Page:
AFREF joined a letter urging CFPB oversight of new products like buy now, pay later (BNPL) loans, income share agreements, cash advances, “fintech” overdraft or overdraft avoidance products, and earned wage access products or look-alike products that are evading consumer protection laws and creating debt traps for consumers. The letter states that the CFPB should supervise providers and ensure that each of these products are complying with applicable consumer protection laws.
What industry calls “innovation” is often easily mapped to a longstanding financial service and therefore the existing laws should apply. At the same time, certain tools and certain forms of partnerships should have no place in our economy whatsoever. Treating innovation as an unqualified good leads regulators to ignore both considerations of equity and long-term, sustainable innovation. Give the interface between powerful corporations, complex products, and the public, precaution should be the norm, as it is in food and drug regulation.
The AFR Ed Fund and allied organizations submitted a comment to banking regulators highlighting concerns that digital banking activities may discriminate by race or otherwise threaten our civil rights.
Because Faceboook’s active-user network alone represents more than a third of the global population, its ambitions raise the spectre of systemic risk not only in the United States, but across jurisdictional lines. Indeed, a global stablecoin system like the Libra project could pose especially substantial risks to certain developing economies, where Libra Coins could functionally replace the local currency.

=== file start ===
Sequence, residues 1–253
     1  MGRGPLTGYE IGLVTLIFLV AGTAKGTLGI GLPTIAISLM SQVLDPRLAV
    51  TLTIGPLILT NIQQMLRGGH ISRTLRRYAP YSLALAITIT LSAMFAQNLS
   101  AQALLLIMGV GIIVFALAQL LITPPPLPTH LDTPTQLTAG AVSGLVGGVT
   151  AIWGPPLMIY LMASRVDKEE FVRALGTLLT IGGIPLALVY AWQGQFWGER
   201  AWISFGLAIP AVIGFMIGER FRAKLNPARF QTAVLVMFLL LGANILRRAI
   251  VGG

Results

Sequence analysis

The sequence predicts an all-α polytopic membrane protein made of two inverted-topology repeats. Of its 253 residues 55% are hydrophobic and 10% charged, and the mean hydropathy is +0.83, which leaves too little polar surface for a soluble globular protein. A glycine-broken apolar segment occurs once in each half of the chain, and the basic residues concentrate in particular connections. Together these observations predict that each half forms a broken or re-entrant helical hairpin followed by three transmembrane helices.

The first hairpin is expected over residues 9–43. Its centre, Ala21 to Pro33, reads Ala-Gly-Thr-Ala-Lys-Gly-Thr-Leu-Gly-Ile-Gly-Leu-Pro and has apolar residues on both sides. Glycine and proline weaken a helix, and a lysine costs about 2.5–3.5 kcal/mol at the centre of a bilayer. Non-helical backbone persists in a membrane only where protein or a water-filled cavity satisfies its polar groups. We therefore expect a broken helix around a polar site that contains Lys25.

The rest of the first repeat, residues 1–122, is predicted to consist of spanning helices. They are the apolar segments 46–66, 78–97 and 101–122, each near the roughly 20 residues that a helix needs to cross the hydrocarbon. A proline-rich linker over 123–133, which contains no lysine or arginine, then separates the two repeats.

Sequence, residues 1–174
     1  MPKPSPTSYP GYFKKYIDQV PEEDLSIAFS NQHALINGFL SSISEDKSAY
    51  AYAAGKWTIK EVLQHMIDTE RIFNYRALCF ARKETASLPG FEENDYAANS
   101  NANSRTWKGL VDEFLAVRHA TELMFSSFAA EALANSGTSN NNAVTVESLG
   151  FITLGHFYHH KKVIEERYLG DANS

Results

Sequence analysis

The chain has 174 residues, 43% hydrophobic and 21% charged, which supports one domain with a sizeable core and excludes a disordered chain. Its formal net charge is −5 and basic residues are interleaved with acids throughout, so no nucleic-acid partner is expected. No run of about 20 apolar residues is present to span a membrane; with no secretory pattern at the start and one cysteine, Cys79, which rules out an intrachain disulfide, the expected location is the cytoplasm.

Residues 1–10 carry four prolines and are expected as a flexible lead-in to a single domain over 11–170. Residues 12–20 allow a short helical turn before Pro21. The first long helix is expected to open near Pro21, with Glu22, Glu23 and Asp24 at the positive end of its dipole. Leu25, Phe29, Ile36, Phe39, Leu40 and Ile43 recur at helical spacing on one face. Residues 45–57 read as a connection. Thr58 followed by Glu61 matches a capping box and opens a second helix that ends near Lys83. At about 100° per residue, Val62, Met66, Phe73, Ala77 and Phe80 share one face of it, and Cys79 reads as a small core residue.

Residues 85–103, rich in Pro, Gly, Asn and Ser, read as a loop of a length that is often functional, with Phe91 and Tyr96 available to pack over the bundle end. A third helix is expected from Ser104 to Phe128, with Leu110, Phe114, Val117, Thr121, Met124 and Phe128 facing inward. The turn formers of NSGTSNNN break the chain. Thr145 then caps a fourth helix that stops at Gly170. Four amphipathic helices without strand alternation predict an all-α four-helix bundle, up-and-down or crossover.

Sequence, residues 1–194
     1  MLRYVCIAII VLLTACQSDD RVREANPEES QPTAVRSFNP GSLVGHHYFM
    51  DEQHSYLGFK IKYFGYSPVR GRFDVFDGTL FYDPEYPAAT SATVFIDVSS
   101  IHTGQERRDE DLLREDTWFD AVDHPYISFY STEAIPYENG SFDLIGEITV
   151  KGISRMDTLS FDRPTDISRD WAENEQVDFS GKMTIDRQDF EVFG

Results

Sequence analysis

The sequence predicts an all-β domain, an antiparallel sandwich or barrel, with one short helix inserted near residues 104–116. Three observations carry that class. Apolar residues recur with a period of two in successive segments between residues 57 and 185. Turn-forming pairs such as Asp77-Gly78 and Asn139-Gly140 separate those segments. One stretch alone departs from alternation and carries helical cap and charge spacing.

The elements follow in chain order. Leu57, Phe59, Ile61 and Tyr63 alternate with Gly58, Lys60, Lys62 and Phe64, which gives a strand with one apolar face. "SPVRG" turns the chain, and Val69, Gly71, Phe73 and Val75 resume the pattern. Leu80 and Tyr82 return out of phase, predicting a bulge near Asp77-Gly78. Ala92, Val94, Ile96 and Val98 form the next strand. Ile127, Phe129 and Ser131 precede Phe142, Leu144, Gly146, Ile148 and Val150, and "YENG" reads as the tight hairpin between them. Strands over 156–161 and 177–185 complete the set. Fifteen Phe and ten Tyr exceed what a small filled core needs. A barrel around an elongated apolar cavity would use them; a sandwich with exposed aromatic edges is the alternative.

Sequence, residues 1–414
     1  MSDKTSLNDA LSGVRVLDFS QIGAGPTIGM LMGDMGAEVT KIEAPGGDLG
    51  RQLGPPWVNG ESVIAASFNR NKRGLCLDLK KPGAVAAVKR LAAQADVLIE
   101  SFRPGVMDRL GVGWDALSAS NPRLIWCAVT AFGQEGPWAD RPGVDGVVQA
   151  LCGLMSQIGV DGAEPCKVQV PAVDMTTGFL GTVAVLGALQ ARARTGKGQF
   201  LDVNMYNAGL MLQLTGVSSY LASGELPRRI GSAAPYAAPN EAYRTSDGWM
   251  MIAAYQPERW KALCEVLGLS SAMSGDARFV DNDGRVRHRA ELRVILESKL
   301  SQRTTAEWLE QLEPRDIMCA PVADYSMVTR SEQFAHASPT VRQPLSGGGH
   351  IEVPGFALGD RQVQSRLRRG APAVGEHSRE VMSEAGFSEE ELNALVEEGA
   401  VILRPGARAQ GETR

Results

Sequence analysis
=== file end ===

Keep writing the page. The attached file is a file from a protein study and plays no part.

The AFR Education Fund sent a statement for the record to the House Financial Services Committee concerning Facebook’s proposal for the Libra digital token and payment system. The statement describes ways in which Facebook is attempting to create an unregulated financial product of potentially global scale and the dangers this would pose to the users of the token and the broader financial system.
The CFPB is exceeding its authority under the law that created the agency and would set a dangerous precedent with its “disclosure sandbox” policy, its label for granting companies exemptions from disclosure rules. The CFPB would allow firms to obfuscate or eliminate important information in the name of “financial innovation,” a label often applied to defend practices in mortgage lending that led to the 2008 crisis.